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Maria Camila Palacio

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Maria Camila Palacio was born in 1992 in Bogota Columbia. In 2015 she moved to Chicago, Illinois to attend Loyola University and work towards her master's degree

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0:03:09

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This work is licensed under a Creative Commons Attribution-NonCommercial 4.0 International License. Please contact Immigration History Research Center staff for permissions not covered by this Creative Commons license.

Transcription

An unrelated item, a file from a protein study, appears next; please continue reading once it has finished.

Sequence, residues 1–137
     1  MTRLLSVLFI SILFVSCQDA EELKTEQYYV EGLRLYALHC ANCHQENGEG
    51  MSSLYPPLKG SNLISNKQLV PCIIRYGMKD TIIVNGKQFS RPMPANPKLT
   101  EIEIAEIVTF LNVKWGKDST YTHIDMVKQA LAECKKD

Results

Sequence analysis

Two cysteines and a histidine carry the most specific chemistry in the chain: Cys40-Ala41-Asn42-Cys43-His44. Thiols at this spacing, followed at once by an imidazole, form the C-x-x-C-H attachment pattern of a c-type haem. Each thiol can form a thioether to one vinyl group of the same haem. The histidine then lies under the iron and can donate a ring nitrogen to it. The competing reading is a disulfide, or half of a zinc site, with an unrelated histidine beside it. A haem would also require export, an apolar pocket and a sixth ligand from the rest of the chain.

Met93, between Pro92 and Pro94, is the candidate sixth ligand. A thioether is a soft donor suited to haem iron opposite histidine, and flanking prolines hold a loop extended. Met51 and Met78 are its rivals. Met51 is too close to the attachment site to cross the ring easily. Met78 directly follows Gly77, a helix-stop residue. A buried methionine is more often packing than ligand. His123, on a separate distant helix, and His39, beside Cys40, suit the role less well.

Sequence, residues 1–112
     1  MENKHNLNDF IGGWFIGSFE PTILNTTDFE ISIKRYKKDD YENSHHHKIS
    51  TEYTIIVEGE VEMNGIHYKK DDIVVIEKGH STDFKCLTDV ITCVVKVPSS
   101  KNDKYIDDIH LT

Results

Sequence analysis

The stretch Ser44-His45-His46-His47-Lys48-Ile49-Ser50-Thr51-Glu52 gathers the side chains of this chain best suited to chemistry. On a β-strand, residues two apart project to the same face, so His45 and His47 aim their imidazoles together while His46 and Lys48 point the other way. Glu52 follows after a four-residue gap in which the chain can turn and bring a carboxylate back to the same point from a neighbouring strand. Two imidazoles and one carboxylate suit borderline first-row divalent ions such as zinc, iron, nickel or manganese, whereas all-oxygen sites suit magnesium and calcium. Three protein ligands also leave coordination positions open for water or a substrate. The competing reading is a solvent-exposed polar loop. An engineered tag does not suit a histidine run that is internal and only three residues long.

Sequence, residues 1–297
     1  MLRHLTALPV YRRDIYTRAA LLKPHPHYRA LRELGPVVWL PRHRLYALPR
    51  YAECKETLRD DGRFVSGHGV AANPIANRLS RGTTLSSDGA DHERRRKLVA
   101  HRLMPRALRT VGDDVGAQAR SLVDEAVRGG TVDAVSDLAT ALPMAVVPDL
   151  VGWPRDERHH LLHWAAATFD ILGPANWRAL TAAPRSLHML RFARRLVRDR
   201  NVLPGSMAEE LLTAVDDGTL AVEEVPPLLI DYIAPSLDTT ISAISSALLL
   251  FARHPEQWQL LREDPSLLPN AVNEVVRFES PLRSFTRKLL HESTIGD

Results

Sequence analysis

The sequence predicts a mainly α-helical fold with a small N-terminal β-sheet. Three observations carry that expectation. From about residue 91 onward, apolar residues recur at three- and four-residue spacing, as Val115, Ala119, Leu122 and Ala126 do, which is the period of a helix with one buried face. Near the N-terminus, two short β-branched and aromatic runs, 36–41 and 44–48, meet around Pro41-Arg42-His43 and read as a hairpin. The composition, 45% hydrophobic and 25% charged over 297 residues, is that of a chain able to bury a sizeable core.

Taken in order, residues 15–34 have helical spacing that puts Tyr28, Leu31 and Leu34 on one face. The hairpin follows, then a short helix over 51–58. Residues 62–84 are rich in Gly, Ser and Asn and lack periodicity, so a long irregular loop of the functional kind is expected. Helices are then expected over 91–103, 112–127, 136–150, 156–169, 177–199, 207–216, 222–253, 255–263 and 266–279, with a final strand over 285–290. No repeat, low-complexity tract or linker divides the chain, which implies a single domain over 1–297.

I have always liked family stories, they have just the right amount of truth and fiction. As Hector Abad Faciolince, a Colombian author once wrote: "When one comes from a big family fiction is almost unnecessary: in a big family everything has occurred at least once." I, like many other Colombians, grew up in a big family full of wonderful stories, but the most amazing ones are their traveling stories. Both my mom and my dad's fathers were travelers in their own way. My grandfather Alfonso Chivivi traveled all around the world, but one of his most interesting stories is when he lived in Buenos Aires as a personal guest of president Juan Domingo Peron. He didn't know Peron when he traveled to Argentina, but he was invited to one of Peron's state dinners as the representative of the jeweler unions in Colombia. To prepare for his journey he bought some very cheap emeralds to try to sell them in Buenos Aires for a greater price. However, he could not sell them around the city because they did not have the greatest quality. Thus, during the state dinner, he decided to give them as a personal present to Evita, Peron's wife. Just like that, and thanks to a bunch of cheap emeralds, he became a personal guest of the Peron family and lived in Buenos Aires for six moths at the government's expenses. On the other hand and around the same time, Eduardo Palacio, my other grandfather/parent, was living a less luxurious but just as beautiful traveling story. He grew up in Ituango, a very small town in the middle of the Antioquia's mountains. When he was 14 years old he traveled to Medellin, the capital of the department of Antioquia and one of Colombia's main cities. He had to travel by mule in a four-day journey, because, at that time, there was no road connecting Ituango with Medellin. Once he arrived in Medellin, he was dazzled by the greatness of that city. He had never seen a car before and was amazed and intrigued by how cars turned around in the corners. For him, car's functioning was almost miraculous. In Medellin, he earned a scholarship to finish High school and then got another scholarship to study at a university in Bogota where he eventually met and marry my grandmother. In 2015 it was my time to live in another city and have my own traveling stories. That year I moved to Chicago to start my Master's degree at Loyola University. Living in Chicago has greatly affected my life. I have learned to be more independent and, at least, fake it as an adult. But the most important part is that I have met people from all the corners of the world who have filled my life with new amazing stories. I call them my international family. I have friends from Georgia, Kosovo, Laos, Angola and China, and they have all shared with me bits of their life story and the history of their countries. I will return home in the near future and will take back plenty of travel stories to tell the future generations of my family.